Joe Boland

Pope Francis I
Newly elected Pope Francis
(CNS photo/Paul Haring)

As a Papal Society and American Catholic institution, we at Catholic Extension have closely followed the election of our new Holy Father, Francis. 

In my previous post, I offered reflections on the five influential popes for Catholic Extension during its past 108 years of history.

Today, we are charged with the task of looking ahead, as we consider what this new papacy of Francis means for us. While it’s way too early to predict what Francis’ legacy will be in the Church, here are three thoughts on what his papacy has already conveyed to us. 

It’s About the Poor!

Diocese of San Bernardino, Coachella Valley, CA.
Sister Gabi’s spiritual support helps Maria through the challenges of daily life.

By choosing the name Francis, one thing that our new pope signals to us Catholics is that the Church must remain close to the poor.  It was Francis, the great medieval saint from Assisi, Italy, who renounced his self-absorbed life and gave up his wealth to begin a life of prayer and service to the poor.   His simple witness of making the poor and the outcasts the center of attention has captured the imagination of Christians for centuries, and his life serves as a perpetual reminder of the centrality of the poor in all that we do as a Church.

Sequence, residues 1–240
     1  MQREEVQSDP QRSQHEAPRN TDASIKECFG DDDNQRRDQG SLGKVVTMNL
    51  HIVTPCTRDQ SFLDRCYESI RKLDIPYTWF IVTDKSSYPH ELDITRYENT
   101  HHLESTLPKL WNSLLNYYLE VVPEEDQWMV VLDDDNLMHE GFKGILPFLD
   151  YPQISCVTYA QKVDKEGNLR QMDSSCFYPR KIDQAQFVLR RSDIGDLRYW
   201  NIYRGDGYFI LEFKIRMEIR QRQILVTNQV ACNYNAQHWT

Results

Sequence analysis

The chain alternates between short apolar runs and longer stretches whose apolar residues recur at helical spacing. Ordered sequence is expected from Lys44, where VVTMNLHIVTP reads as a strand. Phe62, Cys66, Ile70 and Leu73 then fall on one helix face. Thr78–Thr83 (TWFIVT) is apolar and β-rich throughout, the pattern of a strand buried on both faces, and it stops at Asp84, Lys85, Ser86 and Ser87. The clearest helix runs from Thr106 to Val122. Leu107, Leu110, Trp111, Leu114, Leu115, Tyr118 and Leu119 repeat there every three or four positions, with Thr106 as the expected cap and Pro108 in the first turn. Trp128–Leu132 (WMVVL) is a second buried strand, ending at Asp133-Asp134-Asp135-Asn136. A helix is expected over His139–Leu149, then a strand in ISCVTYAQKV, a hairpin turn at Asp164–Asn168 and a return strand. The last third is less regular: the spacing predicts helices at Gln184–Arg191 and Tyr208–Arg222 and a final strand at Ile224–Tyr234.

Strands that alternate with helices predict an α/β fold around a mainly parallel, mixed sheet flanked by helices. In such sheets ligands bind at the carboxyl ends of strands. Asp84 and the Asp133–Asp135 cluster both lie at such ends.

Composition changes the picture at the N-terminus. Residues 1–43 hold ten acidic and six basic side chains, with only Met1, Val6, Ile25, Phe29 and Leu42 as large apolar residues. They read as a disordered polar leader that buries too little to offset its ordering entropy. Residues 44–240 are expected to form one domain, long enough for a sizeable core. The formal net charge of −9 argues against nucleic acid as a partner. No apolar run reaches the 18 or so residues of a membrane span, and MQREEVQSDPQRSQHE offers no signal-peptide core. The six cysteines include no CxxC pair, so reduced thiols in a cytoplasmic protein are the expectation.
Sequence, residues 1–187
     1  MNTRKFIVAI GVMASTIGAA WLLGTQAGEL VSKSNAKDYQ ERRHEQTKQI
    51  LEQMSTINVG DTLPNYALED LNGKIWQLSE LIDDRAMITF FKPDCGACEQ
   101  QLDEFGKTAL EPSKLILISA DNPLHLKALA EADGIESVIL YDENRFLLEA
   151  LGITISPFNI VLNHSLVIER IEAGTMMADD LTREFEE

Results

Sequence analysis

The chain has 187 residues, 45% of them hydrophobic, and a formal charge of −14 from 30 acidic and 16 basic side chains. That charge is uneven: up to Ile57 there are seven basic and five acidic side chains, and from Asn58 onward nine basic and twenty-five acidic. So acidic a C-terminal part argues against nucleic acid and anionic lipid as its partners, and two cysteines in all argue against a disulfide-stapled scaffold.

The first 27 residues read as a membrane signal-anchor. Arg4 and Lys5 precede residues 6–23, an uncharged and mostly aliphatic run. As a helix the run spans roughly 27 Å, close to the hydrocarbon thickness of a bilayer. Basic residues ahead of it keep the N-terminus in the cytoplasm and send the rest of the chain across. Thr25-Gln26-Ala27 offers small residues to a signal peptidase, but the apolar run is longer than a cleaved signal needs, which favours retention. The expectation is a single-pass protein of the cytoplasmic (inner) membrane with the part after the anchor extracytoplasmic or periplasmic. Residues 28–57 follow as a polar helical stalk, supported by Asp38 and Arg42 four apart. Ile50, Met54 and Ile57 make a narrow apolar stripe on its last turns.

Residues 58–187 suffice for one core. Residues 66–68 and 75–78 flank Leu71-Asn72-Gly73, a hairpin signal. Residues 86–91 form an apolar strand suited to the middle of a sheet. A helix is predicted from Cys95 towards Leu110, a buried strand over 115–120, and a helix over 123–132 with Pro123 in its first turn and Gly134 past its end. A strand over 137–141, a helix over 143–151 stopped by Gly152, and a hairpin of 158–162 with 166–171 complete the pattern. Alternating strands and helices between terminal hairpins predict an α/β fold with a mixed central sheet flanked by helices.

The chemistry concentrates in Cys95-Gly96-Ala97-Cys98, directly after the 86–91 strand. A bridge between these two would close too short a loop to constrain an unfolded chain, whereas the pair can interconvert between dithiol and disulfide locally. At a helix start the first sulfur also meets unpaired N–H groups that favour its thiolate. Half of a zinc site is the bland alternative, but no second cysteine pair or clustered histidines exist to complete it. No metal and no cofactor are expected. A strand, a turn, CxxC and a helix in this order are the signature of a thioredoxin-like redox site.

For 108 years, Catholic Extension has existed for one purpose: to allow the poor and the scattered in America to know the transformative power of faith, which enables them to see and believe that they are more than their circumstances. 

This papacy of Francis I will serve as a symbol to the millions of Catholics in the poor communities of America that receive support from  Catholic Extension that they are not on the periphery, but are really at the heart of the Church.

Last year, then-Cardinal Jorge Bergoglio said in an interview with the Italian daily La Stampa, “We must get out from within ourselves, go towards the periphery.”

Sometimes people forget that extreme poverty is here in America, too.  Catholic Extension serves as a voice for many of the forgotten in America, including those who are: